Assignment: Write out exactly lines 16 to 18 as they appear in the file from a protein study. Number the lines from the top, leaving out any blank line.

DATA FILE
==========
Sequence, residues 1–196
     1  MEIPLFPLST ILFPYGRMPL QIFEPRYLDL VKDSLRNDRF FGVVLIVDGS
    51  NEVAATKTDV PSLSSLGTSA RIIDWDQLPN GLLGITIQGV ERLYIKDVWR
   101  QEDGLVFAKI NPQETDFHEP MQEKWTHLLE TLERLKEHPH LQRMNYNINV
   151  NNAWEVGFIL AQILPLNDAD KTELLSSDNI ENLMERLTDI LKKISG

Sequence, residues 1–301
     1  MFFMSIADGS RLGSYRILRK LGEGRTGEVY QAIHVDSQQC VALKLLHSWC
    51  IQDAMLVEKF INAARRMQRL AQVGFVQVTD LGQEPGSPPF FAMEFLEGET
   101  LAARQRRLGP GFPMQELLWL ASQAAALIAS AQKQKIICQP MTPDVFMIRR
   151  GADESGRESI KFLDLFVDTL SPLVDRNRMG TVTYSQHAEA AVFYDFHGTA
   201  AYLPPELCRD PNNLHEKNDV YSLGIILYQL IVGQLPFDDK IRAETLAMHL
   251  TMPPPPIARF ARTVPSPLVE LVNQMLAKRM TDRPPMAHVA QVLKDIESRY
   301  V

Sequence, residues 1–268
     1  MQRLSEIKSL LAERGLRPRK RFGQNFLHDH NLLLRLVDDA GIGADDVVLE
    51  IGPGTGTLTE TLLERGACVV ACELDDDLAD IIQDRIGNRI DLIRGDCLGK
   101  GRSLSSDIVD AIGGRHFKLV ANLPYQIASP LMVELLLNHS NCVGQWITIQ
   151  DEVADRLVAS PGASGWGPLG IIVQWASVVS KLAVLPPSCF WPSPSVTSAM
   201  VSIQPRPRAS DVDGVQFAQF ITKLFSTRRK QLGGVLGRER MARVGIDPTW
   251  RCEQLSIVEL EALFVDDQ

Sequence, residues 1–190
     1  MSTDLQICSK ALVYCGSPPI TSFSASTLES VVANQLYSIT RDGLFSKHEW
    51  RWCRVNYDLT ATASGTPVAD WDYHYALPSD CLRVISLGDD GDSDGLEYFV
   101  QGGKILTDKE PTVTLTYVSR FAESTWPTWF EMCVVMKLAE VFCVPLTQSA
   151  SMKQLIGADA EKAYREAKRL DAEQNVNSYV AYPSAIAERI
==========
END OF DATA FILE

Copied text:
    51  IGPGTGTLTE TLLERGACVV ACELDDDLAD IIQDRIGNRI DLIRGDCLGK
   101  GRSLSSDIVD AIGGRHFKLV ANLPYQIASP LMVELLLNHS NCVGQWITIQ
   151  DEVADRLVAS PGASGWGPLG IIVQWASVVS KLAVLPPSCF WPSPSVTSAM